The problem is that no conclusions can be drawn from these kinds of comparisons, even in cases of similar-sized cities with similar crime rates, said Leonard Matarese, research director at the Center for Public Safety Management in Washington, D.C.
“You really have to have a clear understanding of what the (case) workload is in a particular community to even begin to make any judgments about staffing levels,” he said. “There are no simple formulas for this.”
Matarese said determining the necessary number of detectives for a city requires an in-depth analysis that examines the numbers and types of crimes being investigated, what those investigations entail, how cases are managed, and clearance rates. He pointed out that certain crimes require different approaches and different levels of effort than others.
“Obviously, the bigger the workload per investigator the tougher it is to clear as many cases as you’d like to clear,” Matarese said. “But again, there’s no clear answer as to what’s an appropriate workload for each investigator.”
Moorhead, a city of 38,000 residents, has four police detectives who investigate violent and property crimes, and four narcotics detectives who can help out with investigations of any major case, Chief David Ebinger said.
Ebinger said he’d like more detectives, but he sees a greater need for patrol officers. “The immediate priority’s got to be patrol because they’re the ones that respond to emergency situations,” he said.
Moorhead officials have preliminarily told the police to expect to gain two patrol officers and a community service officer in advance of the city’s annexation of Oakport Township in January 2015, Ebinger said.
West Fargo, a city of 26,000 people, has five police detectives who investigate all crimes except drug-related ones, Chief Arland Rasmussen said.
“Our investigators keep really busy,” Rasmussen said. “I would assume that in the next couple of years, we would add a position for investigations because of the cases coming in.”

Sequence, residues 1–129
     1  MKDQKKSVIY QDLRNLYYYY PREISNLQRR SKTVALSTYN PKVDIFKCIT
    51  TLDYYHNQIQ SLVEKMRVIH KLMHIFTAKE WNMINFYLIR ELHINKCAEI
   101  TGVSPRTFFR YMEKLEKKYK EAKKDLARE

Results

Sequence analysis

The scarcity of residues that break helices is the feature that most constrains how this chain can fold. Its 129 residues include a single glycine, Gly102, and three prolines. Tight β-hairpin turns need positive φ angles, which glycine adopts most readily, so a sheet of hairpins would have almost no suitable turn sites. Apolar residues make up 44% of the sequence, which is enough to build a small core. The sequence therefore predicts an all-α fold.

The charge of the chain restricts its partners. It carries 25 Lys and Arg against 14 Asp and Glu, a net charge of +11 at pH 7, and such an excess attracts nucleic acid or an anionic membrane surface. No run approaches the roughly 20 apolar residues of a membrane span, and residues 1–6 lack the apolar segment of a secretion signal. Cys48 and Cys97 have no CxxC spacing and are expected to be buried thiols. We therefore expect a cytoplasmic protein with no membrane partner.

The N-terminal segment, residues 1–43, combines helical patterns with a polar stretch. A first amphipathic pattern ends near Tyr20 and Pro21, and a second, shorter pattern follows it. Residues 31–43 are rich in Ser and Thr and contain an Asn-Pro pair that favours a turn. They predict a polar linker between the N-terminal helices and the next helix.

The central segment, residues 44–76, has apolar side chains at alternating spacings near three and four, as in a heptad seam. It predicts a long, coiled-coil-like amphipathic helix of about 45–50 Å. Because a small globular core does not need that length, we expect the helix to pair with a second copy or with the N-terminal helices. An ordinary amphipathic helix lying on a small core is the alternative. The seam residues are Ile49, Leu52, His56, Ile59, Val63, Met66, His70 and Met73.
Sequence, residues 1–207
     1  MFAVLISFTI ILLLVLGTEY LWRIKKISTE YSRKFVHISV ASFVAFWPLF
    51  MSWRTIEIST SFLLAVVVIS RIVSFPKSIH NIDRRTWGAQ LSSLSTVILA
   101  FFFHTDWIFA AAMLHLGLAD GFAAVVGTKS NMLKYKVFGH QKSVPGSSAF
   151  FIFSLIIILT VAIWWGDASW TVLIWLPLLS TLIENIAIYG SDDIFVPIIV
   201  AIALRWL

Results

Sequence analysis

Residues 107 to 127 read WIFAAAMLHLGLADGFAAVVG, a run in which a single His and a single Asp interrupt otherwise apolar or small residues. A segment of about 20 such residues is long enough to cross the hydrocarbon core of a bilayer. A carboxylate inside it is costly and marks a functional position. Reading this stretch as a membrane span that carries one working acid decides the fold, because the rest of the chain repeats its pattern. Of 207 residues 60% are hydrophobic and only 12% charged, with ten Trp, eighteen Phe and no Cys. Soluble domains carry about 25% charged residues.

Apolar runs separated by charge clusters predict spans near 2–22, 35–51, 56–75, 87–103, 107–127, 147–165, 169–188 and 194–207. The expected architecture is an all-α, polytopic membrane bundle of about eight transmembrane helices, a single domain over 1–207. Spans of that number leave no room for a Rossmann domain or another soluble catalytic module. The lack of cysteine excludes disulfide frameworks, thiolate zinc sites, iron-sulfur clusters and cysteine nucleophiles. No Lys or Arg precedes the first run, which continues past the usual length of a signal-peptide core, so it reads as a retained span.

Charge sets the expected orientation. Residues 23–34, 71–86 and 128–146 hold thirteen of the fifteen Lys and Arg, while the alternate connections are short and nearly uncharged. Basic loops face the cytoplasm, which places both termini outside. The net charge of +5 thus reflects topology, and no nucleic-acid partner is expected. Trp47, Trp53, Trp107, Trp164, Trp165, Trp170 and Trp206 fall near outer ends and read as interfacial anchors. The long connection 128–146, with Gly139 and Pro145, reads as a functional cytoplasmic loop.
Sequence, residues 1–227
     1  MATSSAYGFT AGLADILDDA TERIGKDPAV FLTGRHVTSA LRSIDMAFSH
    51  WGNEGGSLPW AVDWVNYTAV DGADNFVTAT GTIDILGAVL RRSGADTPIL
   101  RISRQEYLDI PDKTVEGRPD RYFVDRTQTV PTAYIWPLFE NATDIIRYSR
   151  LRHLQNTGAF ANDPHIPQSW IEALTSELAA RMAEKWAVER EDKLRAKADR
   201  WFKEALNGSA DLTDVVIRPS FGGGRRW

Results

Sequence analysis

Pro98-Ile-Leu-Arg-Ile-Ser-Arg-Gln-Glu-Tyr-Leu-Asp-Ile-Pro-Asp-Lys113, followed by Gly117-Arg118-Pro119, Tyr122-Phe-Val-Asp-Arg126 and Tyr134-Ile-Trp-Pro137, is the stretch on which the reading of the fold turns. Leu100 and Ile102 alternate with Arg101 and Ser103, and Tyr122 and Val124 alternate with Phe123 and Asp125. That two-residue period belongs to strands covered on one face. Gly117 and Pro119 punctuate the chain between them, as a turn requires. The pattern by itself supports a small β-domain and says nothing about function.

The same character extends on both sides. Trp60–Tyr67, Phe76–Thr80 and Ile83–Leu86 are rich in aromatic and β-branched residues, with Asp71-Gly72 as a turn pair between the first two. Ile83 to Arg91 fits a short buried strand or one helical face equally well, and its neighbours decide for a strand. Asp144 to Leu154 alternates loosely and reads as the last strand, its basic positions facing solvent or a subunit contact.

‘Even with passion’
In 2008, Fargo averaged 108 cases per detective. Since then, that figure has nearly doubled, with last year’s average number of cases reaching 149. Claus said he’d like that number to fall closer to 100.
The deputy chief blames the surge in cases on Fargo’s recent population growth, which has come with increases in crime. He said the volume of cases sent to prosecutors has gone up because detectives have taken on that many more cases.
At the same time, clearance rates have fallen, but mostly, those rates still equal or exceed the national average, Claus said. “There are very few crimes, major crimes, that we don’t clear,” he said.
Claus said technology has helped ease investigators’ workloads, but advances in evidence collection have made cases more complex and labor intensive.
“We process more evidence. We send more evidence out, which gives us the more potential to solve the case, but that takes people to handle all that,” he said. “Even with technology, even with passion, even with a work ethic that I think is second to none, detectives can only do X amount of work in X amount of time.”
Detectives often find themselves working long shifts, especially after a big case breaks. Their supervisors keep tabs on their hours and watch for signs of fatigue, Claus said.
“We have to look out for the welfare of the officer in order to look out for the welfare of the case,” he said.
Ysteboe, who lives in Moorhead, said that after his workday in Fargo, he’s able to drive across the Red River and put the investigations out of his mind. In his off-hours, he recharges.
“If you don’t have the downtime,” he said, “I think you absolutely would burn out.”
Readers can reach Forum reporter Archie Ingersoll at (701) 451-5734